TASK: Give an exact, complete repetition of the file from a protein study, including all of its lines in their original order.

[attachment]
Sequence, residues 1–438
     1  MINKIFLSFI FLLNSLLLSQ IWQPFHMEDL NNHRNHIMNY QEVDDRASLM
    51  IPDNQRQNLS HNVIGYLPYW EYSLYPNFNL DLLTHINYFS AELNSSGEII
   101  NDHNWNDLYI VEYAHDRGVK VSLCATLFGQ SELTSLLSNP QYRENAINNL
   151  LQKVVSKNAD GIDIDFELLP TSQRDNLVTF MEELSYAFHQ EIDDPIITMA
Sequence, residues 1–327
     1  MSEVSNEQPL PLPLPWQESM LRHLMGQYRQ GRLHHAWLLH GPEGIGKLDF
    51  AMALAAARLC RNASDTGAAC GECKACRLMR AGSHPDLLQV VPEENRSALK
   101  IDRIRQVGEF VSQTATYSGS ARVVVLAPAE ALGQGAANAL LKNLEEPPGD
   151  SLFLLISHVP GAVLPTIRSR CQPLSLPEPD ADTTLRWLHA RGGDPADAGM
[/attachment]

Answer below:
Sequence, residues 1–438
     1  MINKIFLSFI FLLNSLLLSQ IWQPFHMEDL NNHRNHIMNY QEVDDRASLM
    51  IPDNQRQNLS HNVIGYLPYW EYSLYPNFNL DLLTHINYFS AELNSSGEII
   101  NDHNWNDLYI VEYAHDRGVK VSLCATLFGQ SELTSLLSNP QYRENAINNL
   151  LQKVVSKNAD GIDIDFELLP TSQRDNLVTF MEELSYAFHQ EIDDPIITMA
Sequence, residues 1–327
     1  MSEVSNEQPL PLPLPWQESM LRHLMGQYRQ GRLHHAWLLH GPEGIGKLDF
    51  AMALAAARLC RNASDTGAAC GECKACRLMR AGSHPDLLQV VPEENRSALK
   101  IDRIRQVGEF VSQTATYSGS ARVVVLAPAE ALGQGAANAL LKNLEEPPGD
   151  SLFLLISHVP GAVLPTIRSR CQPLSLPEPD ADTTLRWLHA RGGDPADAGM